The pathogenesis of dural arteriovenous fistulas (DAVFs) remains poorly defined. Prior studies on thrombophilia as a risk factor for DAVF development are limited by small sample sizes and poor generalizability.
In this longitudinal observational study, all patients with intracranial DAVFs evaluated at the University of California, San Francisco from December 1994 through April 2014 were identified. After obtaining patient consent, 3 thrombophilic mutations, factor V Leiden (rs6025), MTHFR (rs1801133), and prothrombin G20210A, were genotyped. The authors evaluated the association of thrombophilia status (presence of any thrombophilic mutation) and clinical and angiographic characteristics using either a 2-sample t-test or Fisher’s exact test.
A total of 116 patients with diagnosed intracranial DAVFs were included in the study. Twenty-five (22%) patients met criteria for thrombophilia. Focal neurological deficits tended to occur more frequently in the thrombophilia group (78% vs 57%, p = 0.09). Angiographic characteristics of DAVFs, including high-risk venous flow pattern, multiplicity of DAVF, and the presence of venous sinus thrombosis, did not differ significantly between the 2 groups but tended to be more common in the thrombophilic than in the nonthrombophilic group.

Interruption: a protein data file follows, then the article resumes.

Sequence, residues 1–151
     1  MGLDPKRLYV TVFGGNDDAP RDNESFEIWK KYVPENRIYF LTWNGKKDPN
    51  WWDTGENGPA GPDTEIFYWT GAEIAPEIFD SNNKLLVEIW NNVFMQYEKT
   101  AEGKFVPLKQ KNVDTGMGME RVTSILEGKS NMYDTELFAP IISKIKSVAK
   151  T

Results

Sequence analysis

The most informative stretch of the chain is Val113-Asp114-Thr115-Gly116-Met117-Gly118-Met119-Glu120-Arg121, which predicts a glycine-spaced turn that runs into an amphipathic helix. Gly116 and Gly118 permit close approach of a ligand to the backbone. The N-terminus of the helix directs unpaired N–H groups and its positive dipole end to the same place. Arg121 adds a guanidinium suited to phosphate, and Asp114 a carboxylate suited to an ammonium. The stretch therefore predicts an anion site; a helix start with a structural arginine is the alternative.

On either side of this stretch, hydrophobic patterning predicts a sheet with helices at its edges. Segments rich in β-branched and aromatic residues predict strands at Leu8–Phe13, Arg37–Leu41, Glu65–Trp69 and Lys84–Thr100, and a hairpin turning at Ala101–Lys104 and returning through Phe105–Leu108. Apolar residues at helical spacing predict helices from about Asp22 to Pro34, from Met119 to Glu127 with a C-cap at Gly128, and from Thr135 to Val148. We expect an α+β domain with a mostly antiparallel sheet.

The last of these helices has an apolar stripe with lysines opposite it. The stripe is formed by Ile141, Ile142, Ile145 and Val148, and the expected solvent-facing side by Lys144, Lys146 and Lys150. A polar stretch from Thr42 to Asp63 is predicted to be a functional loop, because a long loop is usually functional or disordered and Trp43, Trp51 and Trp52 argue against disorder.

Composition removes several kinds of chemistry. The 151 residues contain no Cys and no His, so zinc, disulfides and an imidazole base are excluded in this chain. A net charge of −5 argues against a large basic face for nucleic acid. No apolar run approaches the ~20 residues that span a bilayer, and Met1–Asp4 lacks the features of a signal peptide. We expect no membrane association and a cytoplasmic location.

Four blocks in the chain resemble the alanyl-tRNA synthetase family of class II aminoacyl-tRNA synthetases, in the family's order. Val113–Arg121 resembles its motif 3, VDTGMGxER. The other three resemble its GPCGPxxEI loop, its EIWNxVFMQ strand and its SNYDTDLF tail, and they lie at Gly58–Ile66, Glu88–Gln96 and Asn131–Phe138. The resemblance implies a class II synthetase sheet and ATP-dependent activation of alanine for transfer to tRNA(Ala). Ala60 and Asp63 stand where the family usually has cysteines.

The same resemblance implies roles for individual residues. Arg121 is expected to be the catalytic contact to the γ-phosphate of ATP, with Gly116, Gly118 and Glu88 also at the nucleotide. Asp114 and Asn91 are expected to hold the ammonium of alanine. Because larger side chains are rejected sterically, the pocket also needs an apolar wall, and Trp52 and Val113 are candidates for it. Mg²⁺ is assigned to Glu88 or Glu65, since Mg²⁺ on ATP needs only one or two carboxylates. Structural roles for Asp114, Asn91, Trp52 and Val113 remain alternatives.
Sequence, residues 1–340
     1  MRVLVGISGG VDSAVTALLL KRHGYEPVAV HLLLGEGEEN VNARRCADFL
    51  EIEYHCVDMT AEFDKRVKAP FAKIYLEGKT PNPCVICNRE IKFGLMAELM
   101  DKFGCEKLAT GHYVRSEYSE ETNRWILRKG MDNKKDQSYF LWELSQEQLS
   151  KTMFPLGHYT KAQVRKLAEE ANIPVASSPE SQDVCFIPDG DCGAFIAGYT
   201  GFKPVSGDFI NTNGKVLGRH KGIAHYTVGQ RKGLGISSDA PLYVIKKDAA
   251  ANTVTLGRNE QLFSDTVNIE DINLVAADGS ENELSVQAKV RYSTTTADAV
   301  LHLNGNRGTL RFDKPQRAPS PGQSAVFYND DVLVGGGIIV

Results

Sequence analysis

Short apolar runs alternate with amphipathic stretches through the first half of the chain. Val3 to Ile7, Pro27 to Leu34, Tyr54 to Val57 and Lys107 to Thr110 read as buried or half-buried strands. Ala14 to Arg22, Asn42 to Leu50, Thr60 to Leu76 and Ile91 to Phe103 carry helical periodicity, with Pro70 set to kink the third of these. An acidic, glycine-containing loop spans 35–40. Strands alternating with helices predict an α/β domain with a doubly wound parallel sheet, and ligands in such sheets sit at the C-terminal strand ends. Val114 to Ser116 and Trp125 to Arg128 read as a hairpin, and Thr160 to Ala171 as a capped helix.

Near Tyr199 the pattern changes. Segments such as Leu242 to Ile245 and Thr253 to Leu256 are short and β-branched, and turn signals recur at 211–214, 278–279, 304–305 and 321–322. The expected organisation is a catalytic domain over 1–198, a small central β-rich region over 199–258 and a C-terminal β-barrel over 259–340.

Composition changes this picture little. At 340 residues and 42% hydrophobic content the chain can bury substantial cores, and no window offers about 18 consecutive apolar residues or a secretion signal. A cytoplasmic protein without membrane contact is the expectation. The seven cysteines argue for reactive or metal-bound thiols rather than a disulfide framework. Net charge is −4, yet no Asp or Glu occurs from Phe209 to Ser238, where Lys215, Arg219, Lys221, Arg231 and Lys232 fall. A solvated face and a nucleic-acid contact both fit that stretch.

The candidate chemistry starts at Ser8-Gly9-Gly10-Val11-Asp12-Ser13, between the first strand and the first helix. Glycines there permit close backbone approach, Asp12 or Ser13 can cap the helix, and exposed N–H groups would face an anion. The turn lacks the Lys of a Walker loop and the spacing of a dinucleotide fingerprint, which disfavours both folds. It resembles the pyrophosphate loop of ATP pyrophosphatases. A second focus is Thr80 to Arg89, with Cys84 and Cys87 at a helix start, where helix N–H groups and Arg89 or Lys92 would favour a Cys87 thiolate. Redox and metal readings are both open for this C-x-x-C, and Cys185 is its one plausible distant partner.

This study is one of the largest of thrombophilia and DAVF to date. The frequency of mutations associated with thrombophilia in this study was higher than that in the general population.